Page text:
Do not make any position changes to the file. Set the channel in the Duotone to the same spot ink you are going to use in InDesign. This can be “Ink Aliased” at output time.

[1203] sd-2.jpg

Step 3: As you will notice, saving as an EPS or PDF – transparency is not retained in this process. Don’t panic, we’re going to fix this in InDesign.

So we have two files: one being the Composite CMYK object saved as a Photoshop PDF, and another saved as a Photoshop PDF containing a Spot colour. In both files, there is vector data ensuring high quality output. In this example, I am using the .PDP file extension: the data inside the Photoshop PDF file is exactly the same; all I have done is adjust the extension. This will enable InDesign to Edit Original into Photoshop automatically.

[1204] sd-3.jpg

Step 4: Go to InDesign 2.0. Place the file saved in step 1.

[1205] sd-4.jpg

Step 5: Place the file saved in step 3, positioning it exactly over the top of the file placed in step 4. Use the transform palette to get 100% placement accuracy. Don’t worry about the “white” (knockout) colour from the placed file.

[1206] sd-5.jpg

Step 6: set the top object to 100% Multiply using Window>Transparency. Almost magically, the white colour is removed, yet the spot colour remains. Leaving this at 100% Multiply, at output time the spot colour is retained (not converted to process)

[1207] sd-6.jpg

To make the printing process a little more difficult, here the layer which the two elements are placed onto have been moved behind the image.

[1208] sd-6a.jpg

Step 7: Export as PDF, or Print to the Acrobat Distiller. In this example, I printed using Composite CMYK. Its a little difficult to fathom; but spot colours are held in this process (unless you use InDesign 2.0’s Ink Manager to convert them back to process at print time)

[1209] sd-7.jpg

In the above screen dump, I am using Quite Revealing to show the background colour from the Composite PDF. As you can see, the first placed CMYK PDF ‘cuts out’ the colour in the background: in this instance, the PANTONE 264C Spot Colour.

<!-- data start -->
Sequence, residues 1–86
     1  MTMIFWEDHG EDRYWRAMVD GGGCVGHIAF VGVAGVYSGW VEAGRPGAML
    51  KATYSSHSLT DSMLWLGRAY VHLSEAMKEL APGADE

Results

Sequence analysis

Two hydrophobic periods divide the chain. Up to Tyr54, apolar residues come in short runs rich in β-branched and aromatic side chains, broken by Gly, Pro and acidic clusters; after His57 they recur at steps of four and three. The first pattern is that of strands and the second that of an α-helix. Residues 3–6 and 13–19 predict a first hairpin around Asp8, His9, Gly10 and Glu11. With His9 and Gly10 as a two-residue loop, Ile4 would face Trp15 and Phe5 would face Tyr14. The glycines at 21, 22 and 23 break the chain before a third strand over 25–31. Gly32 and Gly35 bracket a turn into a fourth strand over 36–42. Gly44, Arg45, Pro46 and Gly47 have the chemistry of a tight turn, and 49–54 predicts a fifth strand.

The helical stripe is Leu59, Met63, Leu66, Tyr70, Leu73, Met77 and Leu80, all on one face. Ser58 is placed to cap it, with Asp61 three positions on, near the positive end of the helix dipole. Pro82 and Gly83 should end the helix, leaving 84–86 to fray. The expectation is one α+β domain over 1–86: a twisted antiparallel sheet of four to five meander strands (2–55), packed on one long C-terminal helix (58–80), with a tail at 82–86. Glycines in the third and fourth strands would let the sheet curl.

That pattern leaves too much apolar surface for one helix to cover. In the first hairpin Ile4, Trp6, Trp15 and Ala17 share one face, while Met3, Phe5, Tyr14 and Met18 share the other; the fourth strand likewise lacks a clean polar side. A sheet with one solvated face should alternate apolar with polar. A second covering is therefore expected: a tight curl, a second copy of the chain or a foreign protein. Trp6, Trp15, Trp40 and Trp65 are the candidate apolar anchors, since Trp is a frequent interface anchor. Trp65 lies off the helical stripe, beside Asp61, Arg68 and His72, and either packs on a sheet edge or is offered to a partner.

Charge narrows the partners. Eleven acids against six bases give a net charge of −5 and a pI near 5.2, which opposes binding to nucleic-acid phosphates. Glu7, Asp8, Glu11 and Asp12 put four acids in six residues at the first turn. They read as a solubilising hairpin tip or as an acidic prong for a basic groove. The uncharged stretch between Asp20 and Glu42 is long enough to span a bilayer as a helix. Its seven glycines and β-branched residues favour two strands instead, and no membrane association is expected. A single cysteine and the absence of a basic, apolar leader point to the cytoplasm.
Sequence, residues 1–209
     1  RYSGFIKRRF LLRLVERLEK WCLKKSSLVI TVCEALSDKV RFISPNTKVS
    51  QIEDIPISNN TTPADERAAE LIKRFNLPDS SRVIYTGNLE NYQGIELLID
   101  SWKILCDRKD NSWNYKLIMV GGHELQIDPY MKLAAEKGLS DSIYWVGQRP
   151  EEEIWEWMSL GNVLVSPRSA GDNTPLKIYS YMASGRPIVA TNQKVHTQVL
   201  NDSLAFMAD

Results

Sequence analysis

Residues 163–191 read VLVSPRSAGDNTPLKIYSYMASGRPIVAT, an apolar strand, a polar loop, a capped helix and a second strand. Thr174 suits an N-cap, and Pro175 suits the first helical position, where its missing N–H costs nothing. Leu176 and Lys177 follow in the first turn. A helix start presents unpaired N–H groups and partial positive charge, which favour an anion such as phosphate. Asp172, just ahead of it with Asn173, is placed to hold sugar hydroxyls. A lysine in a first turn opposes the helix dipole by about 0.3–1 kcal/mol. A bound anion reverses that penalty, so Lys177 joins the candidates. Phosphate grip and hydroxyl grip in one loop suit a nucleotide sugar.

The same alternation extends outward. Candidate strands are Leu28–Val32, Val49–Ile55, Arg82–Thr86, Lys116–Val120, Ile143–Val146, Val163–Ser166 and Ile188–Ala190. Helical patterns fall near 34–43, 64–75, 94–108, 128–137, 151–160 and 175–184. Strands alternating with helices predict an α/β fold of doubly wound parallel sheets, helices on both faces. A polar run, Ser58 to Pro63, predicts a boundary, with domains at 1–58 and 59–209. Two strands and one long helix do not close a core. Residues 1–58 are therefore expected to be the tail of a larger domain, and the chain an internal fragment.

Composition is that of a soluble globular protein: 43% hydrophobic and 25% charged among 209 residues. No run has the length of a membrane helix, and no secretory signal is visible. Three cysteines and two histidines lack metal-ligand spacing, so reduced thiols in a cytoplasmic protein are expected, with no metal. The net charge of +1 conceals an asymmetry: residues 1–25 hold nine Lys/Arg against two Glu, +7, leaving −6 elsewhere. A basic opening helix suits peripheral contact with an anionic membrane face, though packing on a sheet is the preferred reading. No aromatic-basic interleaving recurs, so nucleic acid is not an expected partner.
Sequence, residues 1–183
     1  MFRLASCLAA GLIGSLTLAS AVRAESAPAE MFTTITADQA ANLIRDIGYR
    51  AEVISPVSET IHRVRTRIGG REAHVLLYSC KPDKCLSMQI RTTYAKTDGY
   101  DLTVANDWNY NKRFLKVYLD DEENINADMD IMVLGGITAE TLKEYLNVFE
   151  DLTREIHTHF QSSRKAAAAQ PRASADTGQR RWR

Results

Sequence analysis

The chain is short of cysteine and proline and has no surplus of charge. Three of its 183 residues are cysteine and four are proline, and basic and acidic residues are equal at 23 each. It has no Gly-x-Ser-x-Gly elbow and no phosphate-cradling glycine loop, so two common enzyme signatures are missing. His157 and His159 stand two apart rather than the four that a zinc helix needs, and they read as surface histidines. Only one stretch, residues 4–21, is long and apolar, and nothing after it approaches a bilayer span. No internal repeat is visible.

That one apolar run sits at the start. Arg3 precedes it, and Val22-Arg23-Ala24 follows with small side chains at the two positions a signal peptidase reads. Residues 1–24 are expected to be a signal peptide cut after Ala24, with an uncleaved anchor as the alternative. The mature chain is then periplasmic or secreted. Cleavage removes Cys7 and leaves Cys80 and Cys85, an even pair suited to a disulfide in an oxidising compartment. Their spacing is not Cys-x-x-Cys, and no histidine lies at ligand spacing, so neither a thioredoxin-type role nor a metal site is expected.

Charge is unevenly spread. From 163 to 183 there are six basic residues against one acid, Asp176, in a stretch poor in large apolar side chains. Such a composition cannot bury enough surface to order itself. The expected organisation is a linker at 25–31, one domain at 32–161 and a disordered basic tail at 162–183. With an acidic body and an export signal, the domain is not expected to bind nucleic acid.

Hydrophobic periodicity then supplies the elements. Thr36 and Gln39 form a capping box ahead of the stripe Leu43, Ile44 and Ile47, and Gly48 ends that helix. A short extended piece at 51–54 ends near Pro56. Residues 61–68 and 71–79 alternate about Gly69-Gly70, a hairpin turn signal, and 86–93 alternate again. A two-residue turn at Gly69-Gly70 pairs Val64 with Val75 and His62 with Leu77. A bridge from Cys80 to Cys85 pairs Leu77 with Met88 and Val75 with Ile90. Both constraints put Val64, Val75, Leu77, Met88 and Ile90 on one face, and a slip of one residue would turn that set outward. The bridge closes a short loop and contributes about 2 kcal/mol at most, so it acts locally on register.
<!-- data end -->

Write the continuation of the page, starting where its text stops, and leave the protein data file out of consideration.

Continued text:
[1210] sd-8.jpg

This above screen dump shows the PANTONE 340 C as created in the second Photoshop file

[1211] sd-9.jpg

Here is the black plate. The Bevel&Emboss added in the first Photoshop PDF is retained, and overprints the spot colour correctly.

How does this work?

The first file you place (CMYK) element acts like a ‘knockout’ element, removing any items underneath. The second file placed (EPS Spot) then overprints the underlying CMYK object. As InDesign’s flattener is smart, it does not knockout underlying elements. It also does not change their colour in the flattening as the top object is a spot colour. Other blend modes such as Lighten or Darken do attempt to change the colours – so the final document may be forced into CMYK.

What’s the Benefit?

What does this provide that DCS does not? The ability to generate a composite PDF. As soon as you place a DCS file into QuarkXpress, InDesign or PageMaker – you are forcing the output to be separations. In modern Postscript 3 or Extreme workflows, recombining preseparated output is difficult, and not the default workflow.

[1222] example of front cover of June 2002 Foxtel

If you are in Australia, you may have seen the June 2002 issue of the Foxtel magazine. It used this technique. Supplied as a composite PDF with Spot colour, it correctly separated, was trapped and printed as a metallic. The Bevel&Emboss in the K plate overprinted the silver-metallic special colour. This plate is still a vector element.

Thanks to: Matt Phillips, Ben Hewitt (who tested this out on a live job!) and Alan Rosenfeld (for listening to my ranting about this in Brisbane). A big thankyou to Aaron Cliff from Foxtel magazine for sending a better quality image – and more importantly, being brave enough to pioneer this technique.